Home > Gaming > AMD > Ultra-affordable $200 HP Stream Windows 8.1 laptop detailed at last, low-end specs in tow

Ultra-affordable $200 HP Stream Windows 8.1 laptop detailed at last, low-end specs in tow

Enough joking around and waiting for Chromebook demand to miraculously start lagging after so many great months, Microsoft is just about ready to take the bull by the horns and launch a super-low-cost Windows 8.1 rival.

HP laptop

Remember the uber-affordable Windows-powered HP Stream laptop that Microsoft officials teased last month as basically the lead executioner of Google Chromebooks? It still amazes us that MS and HP expect the 14 incher to retail at $199, since, well, it’s a Windows 8.1 14-inch notebook.

Obviously, the Stream is no powerhouse, and a hardware manual precociously detailing its specs makes that quite clear. The big Achilles’ heel is likely the use of a low-power AMD Mullins chip, which for a second there looked like vaporware.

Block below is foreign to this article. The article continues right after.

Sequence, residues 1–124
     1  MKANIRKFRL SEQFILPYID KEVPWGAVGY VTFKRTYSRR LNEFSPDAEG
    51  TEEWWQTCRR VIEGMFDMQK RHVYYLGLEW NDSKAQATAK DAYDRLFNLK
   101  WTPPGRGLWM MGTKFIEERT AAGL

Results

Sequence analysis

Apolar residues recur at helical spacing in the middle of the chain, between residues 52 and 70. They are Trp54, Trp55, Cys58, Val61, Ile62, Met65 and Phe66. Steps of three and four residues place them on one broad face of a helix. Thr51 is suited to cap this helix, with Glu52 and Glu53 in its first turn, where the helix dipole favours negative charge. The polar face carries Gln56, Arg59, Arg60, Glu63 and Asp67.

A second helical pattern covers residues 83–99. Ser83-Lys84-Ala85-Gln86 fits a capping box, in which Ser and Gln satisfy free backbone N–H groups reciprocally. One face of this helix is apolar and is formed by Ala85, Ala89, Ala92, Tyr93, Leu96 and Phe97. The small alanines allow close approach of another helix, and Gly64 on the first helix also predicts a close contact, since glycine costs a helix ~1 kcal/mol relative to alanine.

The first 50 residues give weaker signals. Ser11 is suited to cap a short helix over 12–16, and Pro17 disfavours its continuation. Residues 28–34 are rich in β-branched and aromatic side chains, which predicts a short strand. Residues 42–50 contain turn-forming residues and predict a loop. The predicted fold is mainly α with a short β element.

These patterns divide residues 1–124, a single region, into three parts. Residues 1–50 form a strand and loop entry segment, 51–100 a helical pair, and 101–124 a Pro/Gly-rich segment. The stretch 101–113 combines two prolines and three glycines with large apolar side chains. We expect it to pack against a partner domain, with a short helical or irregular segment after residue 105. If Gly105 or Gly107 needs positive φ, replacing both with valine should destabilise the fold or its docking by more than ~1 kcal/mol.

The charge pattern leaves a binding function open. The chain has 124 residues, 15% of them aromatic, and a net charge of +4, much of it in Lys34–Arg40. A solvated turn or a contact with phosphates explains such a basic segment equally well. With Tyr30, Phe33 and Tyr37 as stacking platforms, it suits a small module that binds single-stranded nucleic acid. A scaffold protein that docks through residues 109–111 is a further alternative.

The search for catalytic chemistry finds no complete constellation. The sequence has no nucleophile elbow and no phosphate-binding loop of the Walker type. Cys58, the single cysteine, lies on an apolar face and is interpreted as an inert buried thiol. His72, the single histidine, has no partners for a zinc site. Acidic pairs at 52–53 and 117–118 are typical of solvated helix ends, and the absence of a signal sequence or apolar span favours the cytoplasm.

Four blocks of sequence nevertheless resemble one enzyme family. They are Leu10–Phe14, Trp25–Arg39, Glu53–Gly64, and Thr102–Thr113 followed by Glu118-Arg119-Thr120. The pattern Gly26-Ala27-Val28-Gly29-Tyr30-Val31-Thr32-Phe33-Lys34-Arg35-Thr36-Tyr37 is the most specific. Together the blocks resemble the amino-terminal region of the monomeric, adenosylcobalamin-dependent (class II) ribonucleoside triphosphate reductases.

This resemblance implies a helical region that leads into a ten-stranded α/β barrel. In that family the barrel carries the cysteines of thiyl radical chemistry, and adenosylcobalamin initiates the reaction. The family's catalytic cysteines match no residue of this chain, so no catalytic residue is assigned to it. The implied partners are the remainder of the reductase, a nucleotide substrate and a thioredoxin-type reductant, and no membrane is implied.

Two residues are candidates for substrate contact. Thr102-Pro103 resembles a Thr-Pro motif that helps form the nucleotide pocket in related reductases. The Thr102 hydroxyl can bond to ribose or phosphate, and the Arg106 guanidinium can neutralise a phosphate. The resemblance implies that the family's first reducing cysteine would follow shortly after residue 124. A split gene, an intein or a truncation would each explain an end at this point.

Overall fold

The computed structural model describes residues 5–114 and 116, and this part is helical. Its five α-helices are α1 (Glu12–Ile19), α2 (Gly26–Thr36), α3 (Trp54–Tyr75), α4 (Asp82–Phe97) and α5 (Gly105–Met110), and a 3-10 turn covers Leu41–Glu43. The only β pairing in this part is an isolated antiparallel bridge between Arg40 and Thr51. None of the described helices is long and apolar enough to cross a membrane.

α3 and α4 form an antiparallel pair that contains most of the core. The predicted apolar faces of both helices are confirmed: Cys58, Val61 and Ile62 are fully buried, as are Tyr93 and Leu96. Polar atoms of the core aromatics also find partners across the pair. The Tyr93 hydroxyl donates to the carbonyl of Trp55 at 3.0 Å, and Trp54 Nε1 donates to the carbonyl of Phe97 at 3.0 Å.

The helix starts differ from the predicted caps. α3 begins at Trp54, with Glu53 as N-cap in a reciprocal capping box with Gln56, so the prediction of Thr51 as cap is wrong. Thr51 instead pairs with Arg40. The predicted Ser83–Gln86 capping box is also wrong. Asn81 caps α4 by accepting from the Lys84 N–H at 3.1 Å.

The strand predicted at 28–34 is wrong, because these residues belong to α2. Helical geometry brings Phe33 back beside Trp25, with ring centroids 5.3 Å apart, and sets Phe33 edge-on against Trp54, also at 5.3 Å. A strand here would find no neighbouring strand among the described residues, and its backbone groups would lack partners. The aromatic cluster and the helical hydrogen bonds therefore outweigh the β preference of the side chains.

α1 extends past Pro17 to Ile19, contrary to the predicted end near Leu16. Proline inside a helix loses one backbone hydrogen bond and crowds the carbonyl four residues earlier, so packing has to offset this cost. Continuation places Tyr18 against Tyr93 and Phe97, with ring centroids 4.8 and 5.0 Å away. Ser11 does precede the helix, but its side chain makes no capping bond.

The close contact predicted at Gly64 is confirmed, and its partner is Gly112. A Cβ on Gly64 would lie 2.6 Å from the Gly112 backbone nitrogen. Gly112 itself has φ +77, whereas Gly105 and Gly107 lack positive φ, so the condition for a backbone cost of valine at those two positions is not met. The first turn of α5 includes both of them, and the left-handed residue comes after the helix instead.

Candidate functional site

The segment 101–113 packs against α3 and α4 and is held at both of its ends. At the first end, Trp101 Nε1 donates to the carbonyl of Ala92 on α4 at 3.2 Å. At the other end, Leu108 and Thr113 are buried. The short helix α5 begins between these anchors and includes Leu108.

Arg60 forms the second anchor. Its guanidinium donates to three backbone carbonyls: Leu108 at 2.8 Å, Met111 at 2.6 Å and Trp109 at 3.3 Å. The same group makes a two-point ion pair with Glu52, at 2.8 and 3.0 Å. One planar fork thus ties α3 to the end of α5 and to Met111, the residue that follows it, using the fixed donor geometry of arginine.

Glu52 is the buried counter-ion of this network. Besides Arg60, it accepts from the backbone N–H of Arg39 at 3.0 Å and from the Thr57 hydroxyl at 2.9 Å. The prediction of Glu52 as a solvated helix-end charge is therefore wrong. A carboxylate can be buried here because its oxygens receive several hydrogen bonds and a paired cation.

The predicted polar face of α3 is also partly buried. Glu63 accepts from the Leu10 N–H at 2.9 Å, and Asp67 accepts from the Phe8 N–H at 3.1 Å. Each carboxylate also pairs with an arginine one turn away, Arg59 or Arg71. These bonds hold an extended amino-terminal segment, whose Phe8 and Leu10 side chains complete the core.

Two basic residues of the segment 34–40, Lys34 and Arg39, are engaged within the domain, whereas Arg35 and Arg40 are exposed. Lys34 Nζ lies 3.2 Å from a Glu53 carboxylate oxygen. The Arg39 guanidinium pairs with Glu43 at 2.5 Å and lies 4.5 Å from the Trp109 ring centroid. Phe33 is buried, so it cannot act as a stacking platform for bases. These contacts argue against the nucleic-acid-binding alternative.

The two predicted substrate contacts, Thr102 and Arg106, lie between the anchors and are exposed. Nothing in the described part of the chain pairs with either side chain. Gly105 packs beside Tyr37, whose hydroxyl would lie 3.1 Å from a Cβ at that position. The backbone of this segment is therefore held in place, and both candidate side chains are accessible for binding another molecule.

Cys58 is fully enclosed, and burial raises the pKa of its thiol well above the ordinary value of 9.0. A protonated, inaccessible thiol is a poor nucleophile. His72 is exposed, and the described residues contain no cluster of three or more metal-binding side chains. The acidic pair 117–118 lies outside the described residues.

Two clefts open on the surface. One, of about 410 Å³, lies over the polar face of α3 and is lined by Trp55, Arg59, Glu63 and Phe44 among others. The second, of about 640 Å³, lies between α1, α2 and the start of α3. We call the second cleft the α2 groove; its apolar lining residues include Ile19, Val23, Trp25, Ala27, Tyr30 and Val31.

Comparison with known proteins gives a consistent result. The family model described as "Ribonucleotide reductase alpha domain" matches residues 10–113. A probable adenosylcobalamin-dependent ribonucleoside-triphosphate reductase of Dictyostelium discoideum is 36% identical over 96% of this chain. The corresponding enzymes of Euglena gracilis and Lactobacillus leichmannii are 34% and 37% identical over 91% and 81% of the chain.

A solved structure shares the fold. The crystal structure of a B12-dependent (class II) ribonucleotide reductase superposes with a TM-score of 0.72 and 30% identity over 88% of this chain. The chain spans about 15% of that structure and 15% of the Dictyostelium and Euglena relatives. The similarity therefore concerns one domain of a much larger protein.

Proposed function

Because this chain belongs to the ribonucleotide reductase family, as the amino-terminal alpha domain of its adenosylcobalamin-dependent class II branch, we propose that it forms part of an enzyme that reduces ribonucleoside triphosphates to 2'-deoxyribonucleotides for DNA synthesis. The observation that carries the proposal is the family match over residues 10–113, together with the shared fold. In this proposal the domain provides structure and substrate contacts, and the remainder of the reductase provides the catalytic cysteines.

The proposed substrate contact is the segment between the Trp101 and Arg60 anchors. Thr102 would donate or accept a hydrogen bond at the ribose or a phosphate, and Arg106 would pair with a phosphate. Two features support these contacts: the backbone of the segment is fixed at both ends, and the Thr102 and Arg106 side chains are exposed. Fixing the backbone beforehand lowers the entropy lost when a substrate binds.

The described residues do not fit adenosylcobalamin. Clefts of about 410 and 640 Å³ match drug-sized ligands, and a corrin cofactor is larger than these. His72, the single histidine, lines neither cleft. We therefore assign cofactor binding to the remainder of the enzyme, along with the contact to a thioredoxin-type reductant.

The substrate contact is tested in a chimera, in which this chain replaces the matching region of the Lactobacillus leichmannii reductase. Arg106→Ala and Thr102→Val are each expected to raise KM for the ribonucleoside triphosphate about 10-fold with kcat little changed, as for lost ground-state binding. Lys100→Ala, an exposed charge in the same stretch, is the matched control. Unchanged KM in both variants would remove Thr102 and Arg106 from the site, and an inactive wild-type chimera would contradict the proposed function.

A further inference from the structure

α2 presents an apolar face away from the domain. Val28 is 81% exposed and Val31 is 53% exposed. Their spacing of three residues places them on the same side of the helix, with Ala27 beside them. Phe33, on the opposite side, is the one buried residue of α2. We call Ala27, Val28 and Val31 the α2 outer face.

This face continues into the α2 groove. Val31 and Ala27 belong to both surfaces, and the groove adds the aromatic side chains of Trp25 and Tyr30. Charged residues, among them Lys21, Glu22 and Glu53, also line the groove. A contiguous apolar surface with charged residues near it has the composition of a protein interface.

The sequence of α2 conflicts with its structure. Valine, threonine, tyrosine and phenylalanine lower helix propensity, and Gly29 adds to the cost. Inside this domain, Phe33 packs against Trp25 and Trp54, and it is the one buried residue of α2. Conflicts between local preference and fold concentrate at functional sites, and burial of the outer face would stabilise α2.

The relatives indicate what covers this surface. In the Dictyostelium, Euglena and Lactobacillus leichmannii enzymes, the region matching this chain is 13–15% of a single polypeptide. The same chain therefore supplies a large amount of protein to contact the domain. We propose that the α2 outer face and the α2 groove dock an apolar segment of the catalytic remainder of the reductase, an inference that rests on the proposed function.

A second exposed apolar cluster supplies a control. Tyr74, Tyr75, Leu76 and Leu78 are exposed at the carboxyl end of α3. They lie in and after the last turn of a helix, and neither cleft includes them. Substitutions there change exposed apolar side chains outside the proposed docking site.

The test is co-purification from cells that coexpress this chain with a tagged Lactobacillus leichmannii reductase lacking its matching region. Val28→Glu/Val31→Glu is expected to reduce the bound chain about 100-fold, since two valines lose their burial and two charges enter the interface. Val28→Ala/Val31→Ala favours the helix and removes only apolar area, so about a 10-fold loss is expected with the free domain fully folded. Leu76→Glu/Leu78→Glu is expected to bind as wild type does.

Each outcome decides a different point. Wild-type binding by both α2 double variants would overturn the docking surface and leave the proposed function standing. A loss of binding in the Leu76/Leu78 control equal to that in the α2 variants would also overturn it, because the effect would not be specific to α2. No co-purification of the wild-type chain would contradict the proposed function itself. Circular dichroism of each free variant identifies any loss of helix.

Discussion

But hey, a CPU of the same doomed family, the AMD E1 Micro-6200T, is found inside the Pavilion 10z, and the tinier machine still costs $250. Meanwhile, the Stream will employ an AMD A4 Micro-6400T that we don’t know much about, except it’s likely no match for Intel Bay Trail solutions in raw speed or frugality.

HP Stream

Ergo, battery life is to circle a lower figure than standard Chromebook numbers, perhaps five hours or so, given the cell itself is no whopper, at 32 Wh. Needless to point out the display is also a pushover, at 1,366 x 768 pixels resolution, and the fixed, non-upgradeable 2 gigs of RAM certainly don’t make up for the SoC’s lagginess.

Internal storage starts at 32 GB, with 64 requiring some extra dough, and the connectivity options are pretty standard, including stuff like USB 2.0 and 3.0, HDMI and Wireless support. A fairly unexpected perk is a Beats Audio sound enhancement system with four built-in speakers, and apparently Microsoft throws in free 100 GB OneDrive cloud storage for two years as well.

Complain about the obscure, sluggish processor or low-res non-touch screen if you will, but the pricing-quality ratio remains a winner. And a threat for Chromebooks. Now all we need is an ETA. HP?

Source: Mobile Geeks

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